Found 3 talks width keyword solar filaments

Tuesday October 15, 2019
Astronomical Institute, Slovak Academy of Sciences


Emerging flux regions (EFRs) are seen as magnetic concentrations in the photosphere of the Sun. From a theoretical point of view, the EFRs are formed in the convection zone and then emerge because of magnetic buoyancy (Parker instability) to the solar surface. During the formation process of EFRs, merging and cancellation of different polarities occur, leading to various configurations of the magnetic field. Often, EFRs are visible in the chromosphere in form of magnetic loops loaded with plasma, which are often called “cool loops” when seen in the chromosphere along with dark fibrils and they can reach up to the corona. Nowadays, we refer to them as an arch filament system (AFS) which connects two different polarities.  The AFSs are commonly observed in several chromospheric spectral lines. A suitable spectral line to investigate chromospheric features and particularly AFSs is the He I 10830 Å triplet. The new generation of solar telescopes and instruments such EST and DKIST, will allow us to record very high spectral, spatial, and temporal resolution observations necessary to investigate the dynamics, magnetic field, and characteristics of AFSs. These observations will help us to answer many open questions related to flux emergence such: (1) What are the observational consequences of the emerging flux? (2) How do EFRs evolve with time in the different layers of the solar atmosphere and how are these layers linked? (3) Is it possible to measure the height difference between the photosphere and the chromosphere connected by the legs of the AFSs?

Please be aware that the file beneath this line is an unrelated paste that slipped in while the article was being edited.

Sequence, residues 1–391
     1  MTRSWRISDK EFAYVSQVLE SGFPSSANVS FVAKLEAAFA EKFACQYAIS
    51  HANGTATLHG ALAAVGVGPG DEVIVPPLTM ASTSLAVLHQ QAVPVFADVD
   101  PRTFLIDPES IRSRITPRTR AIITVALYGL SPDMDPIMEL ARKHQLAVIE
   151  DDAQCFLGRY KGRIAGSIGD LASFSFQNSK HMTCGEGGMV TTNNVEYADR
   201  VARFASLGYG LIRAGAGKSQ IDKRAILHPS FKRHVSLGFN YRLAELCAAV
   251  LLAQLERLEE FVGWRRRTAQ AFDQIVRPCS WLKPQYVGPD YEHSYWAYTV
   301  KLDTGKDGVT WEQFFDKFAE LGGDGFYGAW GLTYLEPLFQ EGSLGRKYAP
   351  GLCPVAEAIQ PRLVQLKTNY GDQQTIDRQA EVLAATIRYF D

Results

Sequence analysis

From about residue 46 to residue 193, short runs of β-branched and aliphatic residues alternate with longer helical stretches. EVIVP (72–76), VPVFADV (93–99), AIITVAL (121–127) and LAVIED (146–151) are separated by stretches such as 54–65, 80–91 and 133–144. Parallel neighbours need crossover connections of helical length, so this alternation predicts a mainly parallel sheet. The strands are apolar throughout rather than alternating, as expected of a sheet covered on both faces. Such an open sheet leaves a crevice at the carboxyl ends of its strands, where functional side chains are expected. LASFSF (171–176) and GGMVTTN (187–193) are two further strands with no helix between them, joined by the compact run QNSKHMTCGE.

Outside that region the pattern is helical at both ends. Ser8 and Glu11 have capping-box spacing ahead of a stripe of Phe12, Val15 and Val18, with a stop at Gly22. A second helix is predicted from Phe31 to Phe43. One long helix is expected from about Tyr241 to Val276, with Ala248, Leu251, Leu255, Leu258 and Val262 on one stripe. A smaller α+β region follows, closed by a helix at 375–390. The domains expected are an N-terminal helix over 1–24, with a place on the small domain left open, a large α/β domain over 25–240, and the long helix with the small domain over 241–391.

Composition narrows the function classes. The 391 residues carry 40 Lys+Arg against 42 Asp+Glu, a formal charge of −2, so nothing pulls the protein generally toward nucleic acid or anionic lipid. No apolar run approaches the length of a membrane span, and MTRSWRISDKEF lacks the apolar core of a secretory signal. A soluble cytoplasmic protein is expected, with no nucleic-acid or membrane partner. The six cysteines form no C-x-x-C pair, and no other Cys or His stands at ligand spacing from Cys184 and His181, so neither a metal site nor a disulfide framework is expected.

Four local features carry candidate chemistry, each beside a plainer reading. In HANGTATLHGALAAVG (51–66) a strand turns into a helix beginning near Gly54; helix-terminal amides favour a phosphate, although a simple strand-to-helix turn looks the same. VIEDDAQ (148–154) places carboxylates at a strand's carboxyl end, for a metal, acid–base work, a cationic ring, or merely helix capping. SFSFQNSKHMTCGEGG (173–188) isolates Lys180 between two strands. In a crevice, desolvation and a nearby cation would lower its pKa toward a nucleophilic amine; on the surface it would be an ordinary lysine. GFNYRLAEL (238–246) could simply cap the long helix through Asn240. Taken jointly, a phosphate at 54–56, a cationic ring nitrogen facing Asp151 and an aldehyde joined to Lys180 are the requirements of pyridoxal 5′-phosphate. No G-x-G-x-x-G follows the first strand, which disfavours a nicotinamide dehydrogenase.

Thursday October 24, 2013
Stanford-Lockheed Institute for Space Research


Flares are among the most energetic magnetic solar phenomena. They are often accompanied by ejections of charged particles, which have a direct influence on the Earth in terms of Aurora or radio and satellite outages. The sudden nature of flares - some of them only last minutes - makes them an elusive feature when observed from ground-based telescopes. These measurements are especially challenging when we focus on magnetic fields and velocities in the different solar layers where flares develop and occur. I will present flare observations taken with different instruments, each targeting different observables, and I will show what we can learn from ground-based polarization measurements.

Thursday November 11, 2010
The Institute for Solar Physics of the Royal Swedish Academy of Science.


Fibrils are thin elongated features visible in the solar chromosphere in and around magnetized regions. Because of their visual appearance they have been traditionally considered a tracer of the magnetic field lines. In this work we challenge that notion for the first time by comparing their orientation to that of the magnetic field, obtained via high-resolution spectro-polarimetric observations of Ca II lines. The short answer to the question posed in the title is that mostly yes, but not always.

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